UK Regulators Launch Probe into NFT-Powered ‘Fantasy Sports’ Platform Sorare

By | October 13, 2021

UK gambling regulators have said they are investigating fantasy soccer platform Sorare. The French startup recently became the darling of the red-hot NFT market with a $680 million cash injection led by SoftBank.

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The virtual soccer cards that use NFT’s to form the basis of Sorare’s trading and fantasy sports platform. (Image: Sorare)

Sorare enables users to trade soccer-player cards using NFTs (non-fungible tokens), which can rise or fall in value depending on players’ real-world performances.

NFTs are a relatively new but fast-growing craze in the crypto space. These digital tokens can represent ownership of a virtual item, like collectible sports trading cards, a work of art, or even a virtual horse.

Each NFT is unique and acts as a collector’s item that can’t be duplicated, while ownership is tracked on the blockchain, a digital ledger of transactions.

That means an item’s rarity or uniqueness can always be proven beyond doubt, making NFTs highly attractive to collectors.

No UK License

Sorare may be making waves in this revolutionary new market. But the UK Gambling Commission has warned British consumers the company is doing so without a UK gambling license. Whether it needs one or not is currently the subject of a UKGC investigation. In the meantime, consumers should proceed with caution, it advised.

The regulator has been accused of fumbling the ball when it comes to new technological trends in the gambling space, and is clearly determined not to let the NFT craze slip through its grasp.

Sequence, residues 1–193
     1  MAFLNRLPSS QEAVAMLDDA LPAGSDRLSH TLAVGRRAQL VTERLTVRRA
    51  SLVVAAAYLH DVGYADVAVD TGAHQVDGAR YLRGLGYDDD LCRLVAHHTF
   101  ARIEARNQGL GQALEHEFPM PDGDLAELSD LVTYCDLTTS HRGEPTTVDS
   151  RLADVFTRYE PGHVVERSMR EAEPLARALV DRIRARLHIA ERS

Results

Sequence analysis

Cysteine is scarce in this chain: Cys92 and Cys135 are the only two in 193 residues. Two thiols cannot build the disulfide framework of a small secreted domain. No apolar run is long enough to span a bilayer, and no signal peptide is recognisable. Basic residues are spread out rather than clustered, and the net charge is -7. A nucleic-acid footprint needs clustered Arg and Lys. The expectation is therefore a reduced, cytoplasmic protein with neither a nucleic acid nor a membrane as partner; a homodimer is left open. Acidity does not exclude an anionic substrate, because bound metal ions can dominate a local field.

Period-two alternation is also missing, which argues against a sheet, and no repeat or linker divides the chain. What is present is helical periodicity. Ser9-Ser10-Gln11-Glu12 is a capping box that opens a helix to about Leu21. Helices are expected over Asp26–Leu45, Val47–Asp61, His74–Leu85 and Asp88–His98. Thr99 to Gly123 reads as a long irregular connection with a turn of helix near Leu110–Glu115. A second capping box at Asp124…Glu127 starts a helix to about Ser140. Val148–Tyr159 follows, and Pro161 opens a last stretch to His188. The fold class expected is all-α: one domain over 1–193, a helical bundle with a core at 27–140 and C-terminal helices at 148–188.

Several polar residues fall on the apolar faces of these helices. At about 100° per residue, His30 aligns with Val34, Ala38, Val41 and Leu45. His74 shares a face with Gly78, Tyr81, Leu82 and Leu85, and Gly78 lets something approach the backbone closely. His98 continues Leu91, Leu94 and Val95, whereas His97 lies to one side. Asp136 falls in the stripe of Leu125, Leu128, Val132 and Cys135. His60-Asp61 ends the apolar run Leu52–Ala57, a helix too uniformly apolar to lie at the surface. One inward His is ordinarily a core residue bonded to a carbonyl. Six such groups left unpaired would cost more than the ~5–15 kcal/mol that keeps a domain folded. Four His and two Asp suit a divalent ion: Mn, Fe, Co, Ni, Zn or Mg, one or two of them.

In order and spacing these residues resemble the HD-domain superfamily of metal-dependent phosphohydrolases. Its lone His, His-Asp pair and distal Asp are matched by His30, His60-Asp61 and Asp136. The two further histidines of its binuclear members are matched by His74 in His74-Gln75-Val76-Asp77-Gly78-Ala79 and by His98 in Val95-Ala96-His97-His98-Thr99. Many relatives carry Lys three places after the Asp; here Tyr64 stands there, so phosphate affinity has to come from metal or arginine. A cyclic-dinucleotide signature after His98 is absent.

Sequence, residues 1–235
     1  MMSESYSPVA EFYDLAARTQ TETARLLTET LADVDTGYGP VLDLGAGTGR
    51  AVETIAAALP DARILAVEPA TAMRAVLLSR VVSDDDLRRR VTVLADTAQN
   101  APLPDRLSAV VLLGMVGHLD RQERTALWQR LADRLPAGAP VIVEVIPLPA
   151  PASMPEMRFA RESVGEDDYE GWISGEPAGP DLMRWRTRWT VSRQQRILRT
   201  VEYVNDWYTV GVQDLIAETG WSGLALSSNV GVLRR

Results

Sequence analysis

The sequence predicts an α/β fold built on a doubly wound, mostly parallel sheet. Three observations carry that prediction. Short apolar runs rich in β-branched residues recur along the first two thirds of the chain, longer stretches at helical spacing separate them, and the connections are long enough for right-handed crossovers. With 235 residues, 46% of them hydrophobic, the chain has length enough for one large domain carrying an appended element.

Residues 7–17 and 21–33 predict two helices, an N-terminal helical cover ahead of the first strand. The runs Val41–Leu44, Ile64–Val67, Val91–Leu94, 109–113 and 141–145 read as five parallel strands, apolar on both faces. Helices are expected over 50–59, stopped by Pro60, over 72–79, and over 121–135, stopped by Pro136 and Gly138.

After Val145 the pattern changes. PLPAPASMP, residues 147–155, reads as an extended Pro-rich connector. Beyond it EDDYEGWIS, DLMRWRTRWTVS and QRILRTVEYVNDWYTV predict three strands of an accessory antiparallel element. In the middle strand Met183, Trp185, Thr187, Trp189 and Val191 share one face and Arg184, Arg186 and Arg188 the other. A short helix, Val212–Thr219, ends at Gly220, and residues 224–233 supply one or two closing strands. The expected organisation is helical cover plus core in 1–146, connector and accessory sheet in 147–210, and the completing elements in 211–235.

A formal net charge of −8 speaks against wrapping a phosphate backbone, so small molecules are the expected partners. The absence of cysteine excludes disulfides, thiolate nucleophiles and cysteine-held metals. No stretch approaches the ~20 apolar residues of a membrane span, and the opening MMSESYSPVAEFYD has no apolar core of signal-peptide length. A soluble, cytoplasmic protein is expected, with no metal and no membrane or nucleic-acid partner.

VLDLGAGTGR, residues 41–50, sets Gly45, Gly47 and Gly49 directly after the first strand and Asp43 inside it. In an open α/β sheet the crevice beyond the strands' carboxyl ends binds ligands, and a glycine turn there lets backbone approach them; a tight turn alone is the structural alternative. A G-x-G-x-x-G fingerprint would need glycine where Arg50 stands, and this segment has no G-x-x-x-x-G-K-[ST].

A recent damning report by the British government into the collapse of another soccer trading platform, Football Index, found the UKGC had been slow to understand the novel betting product it was tasked with regulating.

Sorare has a different and apparently less risky business model than Football Index, and believes blockchain affords more transparency into its operations.

Football Index, meanwhile, marketed itself as a virtual soccer stock market, where users could buy and sell notional shares in professional players. They would then receive “dividend” payouts, based on the performance of those shares.

But Football Index overextended itself, and in March the market crashed. The company is now going through insolvency proceedings and owes players millions.

What’s Sorare’s Business Model?

In contrast, Sorare earns revenue by issuing and selling new cards, which, unlike Football Index’s “shares,” have underlying value, thanks largely to NFTs. Since January, more than $150 million-worth of cards have been traded on the platform.

Sorare’s users can buy cards and add them to their collection. Or they can add them to a “team” of players to earn points based on real-life performances. These teams can compete in leagues and tournament to win non-cash prizes.

But it’s this fantasy sports aspect of the platform that has caught the UKGC’s attention. Operators of fantasy sports are required to apply to the agency for a pool-betting license if they want to engage with UK customers. Sorare’s games are nominally “free” to play, which could be a loophole, although, of course, users must first buy a team before they can enter.

In a statement, Sorare said it anticipated and welcomed regulatory questions because of the sheer newness of the technology involved. But it added it was “very confident” that it was not violating any gambling laws.  

“This has been confirmed by expert legal opinions at every stage since the company was founded, including during a number of fundraising rounds,” a Sorare spokesman said. “We will always engage and have an open dialogue with authorities who reach out to us to learn more about our game.”

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